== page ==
I deliberately left out a few other details in this transaction so as to not overwhelm the reader. Virtually everyone who participated in a market economy relied to some degree or another on credit, mostly because there was a delay between the time a product was produced and when it was consumed. Bills of exchange were one way of providing this credit. In effect, the planter received payment several months before his cotton shipped from New Orleans to New York and then on to Great Britain. Rather than waiting long periods of time for the transportation of specie, BUS branch officers in New Orleans and Natchez merely made entries in their account books, shipping specie only when necessary or when exchange rates made it more profitable.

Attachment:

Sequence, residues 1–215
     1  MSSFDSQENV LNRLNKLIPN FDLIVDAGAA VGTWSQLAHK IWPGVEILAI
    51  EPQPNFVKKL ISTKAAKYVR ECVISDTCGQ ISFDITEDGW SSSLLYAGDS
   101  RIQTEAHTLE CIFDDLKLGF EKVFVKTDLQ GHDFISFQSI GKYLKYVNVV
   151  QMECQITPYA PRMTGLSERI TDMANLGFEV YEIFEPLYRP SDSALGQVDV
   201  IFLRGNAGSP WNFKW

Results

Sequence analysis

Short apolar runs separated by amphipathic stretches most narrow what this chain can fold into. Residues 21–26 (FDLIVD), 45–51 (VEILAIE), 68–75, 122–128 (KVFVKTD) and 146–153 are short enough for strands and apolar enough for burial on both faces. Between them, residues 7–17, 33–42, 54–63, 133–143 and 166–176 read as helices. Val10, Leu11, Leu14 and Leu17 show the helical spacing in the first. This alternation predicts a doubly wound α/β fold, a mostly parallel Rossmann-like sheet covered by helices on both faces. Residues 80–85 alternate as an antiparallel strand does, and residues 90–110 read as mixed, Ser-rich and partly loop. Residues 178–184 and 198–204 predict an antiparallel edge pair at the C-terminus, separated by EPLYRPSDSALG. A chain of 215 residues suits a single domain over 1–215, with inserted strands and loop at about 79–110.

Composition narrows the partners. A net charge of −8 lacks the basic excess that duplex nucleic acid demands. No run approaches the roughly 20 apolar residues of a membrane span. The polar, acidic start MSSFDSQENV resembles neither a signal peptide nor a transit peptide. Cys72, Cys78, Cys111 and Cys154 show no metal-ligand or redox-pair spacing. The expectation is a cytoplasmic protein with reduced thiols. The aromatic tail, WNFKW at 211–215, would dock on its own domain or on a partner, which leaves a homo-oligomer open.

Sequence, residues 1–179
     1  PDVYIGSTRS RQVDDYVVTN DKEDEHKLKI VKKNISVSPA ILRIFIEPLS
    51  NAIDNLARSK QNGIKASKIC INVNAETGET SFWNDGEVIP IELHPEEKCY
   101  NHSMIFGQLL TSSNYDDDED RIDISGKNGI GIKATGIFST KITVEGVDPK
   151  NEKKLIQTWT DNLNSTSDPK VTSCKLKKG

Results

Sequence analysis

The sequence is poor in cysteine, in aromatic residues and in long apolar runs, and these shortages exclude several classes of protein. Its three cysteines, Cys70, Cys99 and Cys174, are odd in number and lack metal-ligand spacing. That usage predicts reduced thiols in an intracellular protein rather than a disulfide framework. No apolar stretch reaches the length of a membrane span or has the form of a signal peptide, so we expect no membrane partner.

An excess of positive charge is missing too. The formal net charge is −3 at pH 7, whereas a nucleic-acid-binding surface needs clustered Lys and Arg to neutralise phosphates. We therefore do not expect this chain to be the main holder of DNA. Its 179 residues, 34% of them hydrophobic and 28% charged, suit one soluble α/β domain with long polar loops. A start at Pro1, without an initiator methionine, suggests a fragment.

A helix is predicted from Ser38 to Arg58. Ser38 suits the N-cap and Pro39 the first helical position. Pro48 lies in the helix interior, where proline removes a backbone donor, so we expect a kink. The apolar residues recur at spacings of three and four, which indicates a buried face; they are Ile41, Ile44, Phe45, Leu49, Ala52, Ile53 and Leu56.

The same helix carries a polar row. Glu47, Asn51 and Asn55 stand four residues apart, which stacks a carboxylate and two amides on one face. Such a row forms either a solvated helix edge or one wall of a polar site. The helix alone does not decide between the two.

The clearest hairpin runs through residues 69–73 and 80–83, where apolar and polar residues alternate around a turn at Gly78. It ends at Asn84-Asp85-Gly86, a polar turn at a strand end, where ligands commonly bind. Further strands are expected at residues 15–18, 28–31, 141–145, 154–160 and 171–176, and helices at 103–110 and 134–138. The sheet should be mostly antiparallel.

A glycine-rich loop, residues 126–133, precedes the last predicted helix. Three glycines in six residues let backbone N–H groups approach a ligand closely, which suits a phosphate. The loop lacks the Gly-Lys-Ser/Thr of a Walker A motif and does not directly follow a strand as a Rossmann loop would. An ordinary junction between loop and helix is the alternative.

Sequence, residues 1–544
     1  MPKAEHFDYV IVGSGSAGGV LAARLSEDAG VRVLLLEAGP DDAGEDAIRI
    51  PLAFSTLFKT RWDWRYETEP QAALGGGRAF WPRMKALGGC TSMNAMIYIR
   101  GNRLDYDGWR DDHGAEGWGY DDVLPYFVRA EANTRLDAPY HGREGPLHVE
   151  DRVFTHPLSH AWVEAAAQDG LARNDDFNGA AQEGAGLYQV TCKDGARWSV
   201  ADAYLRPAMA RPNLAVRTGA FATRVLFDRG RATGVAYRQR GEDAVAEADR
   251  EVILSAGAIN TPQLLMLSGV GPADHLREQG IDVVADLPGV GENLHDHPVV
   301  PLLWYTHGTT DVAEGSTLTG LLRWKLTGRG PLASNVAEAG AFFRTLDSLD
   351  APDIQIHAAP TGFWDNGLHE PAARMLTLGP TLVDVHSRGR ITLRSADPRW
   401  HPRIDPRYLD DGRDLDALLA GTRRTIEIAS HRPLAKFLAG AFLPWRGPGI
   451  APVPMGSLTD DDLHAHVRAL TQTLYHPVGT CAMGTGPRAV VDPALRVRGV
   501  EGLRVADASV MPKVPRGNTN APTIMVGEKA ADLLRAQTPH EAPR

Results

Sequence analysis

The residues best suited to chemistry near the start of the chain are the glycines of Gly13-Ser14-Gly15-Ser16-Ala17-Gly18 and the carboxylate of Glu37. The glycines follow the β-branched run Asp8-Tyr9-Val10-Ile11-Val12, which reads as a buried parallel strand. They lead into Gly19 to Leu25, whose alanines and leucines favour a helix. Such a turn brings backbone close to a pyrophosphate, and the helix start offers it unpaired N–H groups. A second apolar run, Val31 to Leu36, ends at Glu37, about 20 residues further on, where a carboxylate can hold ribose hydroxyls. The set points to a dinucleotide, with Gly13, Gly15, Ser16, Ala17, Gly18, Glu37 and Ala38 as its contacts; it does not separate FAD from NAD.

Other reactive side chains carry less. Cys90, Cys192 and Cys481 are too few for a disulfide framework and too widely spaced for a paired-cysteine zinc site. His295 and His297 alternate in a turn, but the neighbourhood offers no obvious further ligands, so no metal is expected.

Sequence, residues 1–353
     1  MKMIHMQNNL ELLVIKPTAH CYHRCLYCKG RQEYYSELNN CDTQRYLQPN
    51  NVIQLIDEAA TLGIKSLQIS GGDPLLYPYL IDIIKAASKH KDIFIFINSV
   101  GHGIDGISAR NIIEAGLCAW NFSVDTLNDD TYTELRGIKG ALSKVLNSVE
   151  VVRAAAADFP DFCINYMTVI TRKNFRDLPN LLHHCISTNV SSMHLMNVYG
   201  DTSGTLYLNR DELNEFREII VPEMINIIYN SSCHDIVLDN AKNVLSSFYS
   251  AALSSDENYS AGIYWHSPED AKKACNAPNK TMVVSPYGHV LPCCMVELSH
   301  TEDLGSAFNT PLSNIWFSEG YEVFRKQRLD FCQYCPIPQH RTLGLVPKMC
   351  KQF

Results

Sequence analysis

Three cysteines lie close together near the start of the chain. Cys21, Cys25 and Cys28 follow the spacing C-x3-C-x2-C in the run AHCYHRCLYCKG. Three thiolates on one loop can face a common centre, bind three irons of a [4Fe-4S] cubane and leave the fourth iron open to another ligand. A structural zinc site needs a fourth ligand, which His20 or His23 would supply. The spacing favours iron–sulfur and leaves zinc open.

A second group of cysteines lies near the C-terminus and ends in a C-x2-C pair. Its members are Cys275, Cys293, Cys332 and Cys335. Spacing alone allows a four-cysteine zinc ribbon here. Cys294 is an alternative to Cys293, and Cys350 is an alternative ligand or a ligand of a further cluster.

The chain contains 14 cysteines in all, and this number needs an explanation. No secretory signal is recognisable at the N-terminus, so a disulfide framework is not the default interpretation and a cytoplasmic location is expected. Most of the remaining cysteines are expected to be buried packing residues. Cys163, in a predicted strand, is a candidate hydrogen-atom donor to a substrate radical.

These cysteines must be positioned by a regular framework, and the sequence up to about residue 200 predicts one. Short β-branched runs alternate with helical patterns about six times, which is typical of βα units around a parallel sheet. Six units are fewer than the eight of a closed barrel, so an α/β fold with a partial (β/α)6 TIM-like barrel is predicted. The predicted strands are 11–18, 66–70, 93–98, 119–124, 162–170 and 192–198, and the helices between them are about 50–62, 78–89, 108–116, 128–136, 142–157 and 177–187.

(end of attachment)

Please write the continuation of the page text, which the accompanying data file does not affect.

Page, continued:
The Second Bank of the United States was the country's largest dealer in domestic and foreign bills of exchange, which facilitated commerce between the United States and Great Britain. It was through cotton sales (and the bills founded upon them) that American merchants settled foreign debts with Great Britain. Americans were unable to use bank notes to pay foreign debts, but foreign bills of exchange in pound sterling, whose value was based upon the price of cotton, helped Americans secure British credit, buy British manufactured goods, and make payments to the British bondholders who owned American securities. Access to British capital, thus, depended in large part on Americans’ ability to grow and export cotton, the crucial ingredient without which England’s workshop of the world, its textile mills, would have been unable to function.